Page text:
Electronics on our fishing boats

Whether I’m guiding or out on the tournament trail, I have to catch fish to get paid and avoid having to get a real Monday to Friday gig. Don’t get me wrong, I work hard to stay busy throughout the year but my main sources of income are fishing tournaments and guiding. I must stay on top of the latest technology and trends in fishing equipment if I want to keep up with the competition.

If my Grandpa looked at my boat today, I’m not sure if he would be impressed or disgusted with the electronics and technology that I have on it. I think he would appreciate that this stuff is fun to use and it helps you catch more fish, without a doubt. Can you still catch fish without the latest and greatest technology on your boat, absolutely, but all of the new stuff will improve your odds of success.

The three areas of technology that I think have improved our ability to find and catch fish with enhanced efficiency are trolling motors, mapping and forward facing sonar. All of these have been developed to a new level in recent years to improve our experience on the water.

Jeff Gustafson has fun with the latest in fishing technology when he is on the water.

With trolling motors, we now have foot pedals that offer an array of options to help us navigate, troll at a certain depth and they can use GPS position to hold us in a specific location. The Minn Kota Ultrex motor on my boat not only does all of that, but it’s built with a heavy duty bracket that can withstand a beating in rough water and uses less power than older models. The function that I like the most and that I think has been one of the greatest improvements that I’ve seen in fishing is the Spot-Lock function. Wherever I’m fishing, I can hit a button on my foot pedal and the boat will stay in that spot. So if I’m on top of a school of walleyes, I can stay there. If I’m guiding and want to take a picture of a fish or re-bait a hook, the boat doesn’t drift off the spot, we stay on top of the spot. It really makes life easy.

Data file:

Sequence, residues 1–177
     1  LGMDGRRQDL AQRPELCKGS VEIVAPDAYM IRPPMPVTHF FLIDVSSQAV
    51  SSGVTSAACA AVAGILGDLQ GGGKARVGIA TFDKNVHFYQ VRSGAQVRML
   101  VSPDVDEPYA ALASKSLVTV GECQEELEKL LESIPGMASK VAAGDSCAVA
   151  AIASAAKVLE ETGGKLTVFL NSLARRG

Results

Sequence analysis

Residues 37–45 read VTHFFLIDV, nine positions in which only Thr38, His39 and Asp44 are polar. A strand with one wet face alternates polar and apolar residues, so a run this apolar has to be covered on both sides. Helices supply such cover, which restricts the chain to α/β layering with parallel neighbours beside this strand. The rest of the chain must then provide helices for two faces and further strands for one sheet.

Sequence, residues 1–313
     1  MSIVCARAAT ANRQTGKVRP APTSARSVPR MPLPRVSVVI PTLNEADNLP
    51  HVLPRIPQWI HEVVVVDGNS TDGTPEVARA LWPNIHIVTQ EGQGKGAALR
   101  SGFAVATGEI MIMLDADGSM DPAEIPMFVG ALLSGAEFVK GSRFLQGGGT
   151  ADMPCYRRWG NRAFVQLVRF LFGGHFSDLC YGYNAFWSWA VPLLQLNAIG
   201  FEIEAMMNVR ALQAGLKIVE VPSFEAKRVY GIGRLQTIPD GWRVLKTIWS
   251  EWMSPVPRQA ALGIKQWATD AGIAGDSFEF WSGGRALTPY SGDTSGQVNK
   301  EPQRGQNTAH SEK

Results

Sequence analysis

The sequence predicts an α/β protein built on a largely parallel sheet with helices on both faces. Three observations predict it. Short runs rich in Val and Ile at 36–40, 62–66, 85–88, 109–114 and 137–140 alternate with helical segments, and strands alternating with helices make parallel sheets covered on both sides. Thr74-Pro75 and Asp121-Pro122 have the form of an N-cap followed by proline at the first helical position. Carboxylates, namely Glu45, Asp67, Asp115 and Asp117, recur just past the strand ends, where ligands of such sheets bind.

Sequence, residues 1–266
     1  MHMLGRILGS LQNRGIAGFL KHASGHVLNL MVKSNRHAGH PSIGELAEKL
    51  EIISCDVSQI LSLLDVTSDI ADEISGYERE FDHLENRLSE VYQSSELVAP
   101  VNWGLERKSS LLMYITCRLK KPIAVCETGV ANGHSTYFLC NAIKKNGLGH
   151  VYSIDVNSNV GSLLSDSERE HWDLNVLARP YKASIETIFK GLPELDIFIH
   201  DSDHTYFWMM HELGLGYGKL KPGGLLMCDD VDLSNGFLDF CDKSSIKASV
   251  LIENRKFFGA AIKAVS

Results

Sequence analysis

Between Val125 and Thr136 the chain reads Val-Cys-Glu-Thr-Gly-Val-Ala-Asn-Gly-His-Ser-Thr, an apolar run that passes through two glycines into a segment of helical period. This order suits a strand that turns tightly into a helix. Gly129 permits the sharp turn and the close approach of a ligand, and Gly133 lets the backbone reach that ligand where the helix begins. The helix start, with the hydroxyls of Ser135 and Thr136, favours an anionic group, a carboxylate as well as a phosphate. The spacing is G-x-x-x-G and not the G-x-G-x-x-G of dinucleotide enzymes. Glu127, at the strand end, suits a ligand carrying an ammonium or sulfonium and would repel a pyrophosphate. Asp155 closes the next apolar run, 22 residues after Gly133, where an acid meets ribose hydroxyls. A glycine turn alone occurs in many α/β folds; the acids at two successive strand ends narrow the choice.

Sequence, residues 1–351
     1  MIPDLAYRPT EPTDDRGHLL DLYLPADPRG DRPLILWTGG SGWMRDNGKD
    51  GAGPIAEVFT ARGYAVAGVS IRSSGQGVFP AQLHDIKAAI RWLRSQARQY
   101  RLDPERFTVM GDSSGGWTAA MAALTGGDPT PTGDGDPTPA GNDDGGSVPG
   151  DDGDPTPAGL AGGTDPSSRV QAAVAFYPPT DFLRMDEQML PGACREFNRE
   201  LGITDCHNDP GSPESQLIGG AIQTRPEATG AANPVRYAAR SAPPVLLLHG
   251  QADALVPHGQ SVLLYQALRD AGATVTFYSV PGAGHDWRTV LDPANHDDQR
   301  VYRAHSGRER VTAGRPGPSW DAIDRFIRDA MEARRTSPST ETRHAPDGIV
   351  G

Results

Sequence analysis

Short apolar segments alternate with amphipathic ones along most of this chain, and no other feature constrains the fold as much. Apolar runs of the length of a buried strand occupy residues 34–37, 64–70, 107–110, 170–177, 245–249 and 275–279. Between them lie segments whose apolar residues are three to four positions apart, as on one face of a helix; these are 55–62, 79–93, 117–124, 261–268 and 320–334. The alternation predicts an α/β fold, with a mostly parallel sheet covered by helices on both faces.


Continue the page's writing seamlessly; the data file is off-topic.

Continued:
Mapping has improved greatly on many waterbodies across North America, most notably on Lake of the Woods and Rainy Lake in our part of the World. We now have really high detail mapping of these waterbodies that not only aids in navigation but also in helping us find the structure that is holding fish. The older maps that we had worked fine for navigation but they lacked the high detail with see today, particularly on the Lakemaster maps that are available for our bigger bodies of water across Sunset Country. These maps also give us the opportunity to shade specific depths where the fish might be found as well as highlight shallow areas, among many other features.

Finally, the newest technology to become popular in recent years is forward facing sonar. All of the popular sonar brands offer it and for anybody that is unfamiliar, we can now mount a transducer on our boat that looks ahead instead of just beneath the boat to show us fish and structure that we are approaching.
The Humminbird Mega Live sonar is what I have been using the past couple of years and it has kind of changed the way that I fish. Instead of having to get on top of fish and drop lures to them, I can now see them on my sonar screen ahead of the boat and cast to them, so I avoid potentially spooking the fish by getting on top of them where they probably know that I’m there. Not only does this help catch more fish but it’s fun to use. I can watch how fish react to my baits and then adjust accordingly. Sometimes I need to give the lure an extra shake or twitch, other times I just need to try a completely different lure. The best analogy that I can give for forward facing sonar is it’s like using a flasher or sonar unit for ice fishing. Once you use it, it’s hard not to want to use it the next time you go fishing.

Again, do you need all of this stuff to get out on the water and catch a few fish, absolutely not, but it will enhance your experience and you’ll have some fun.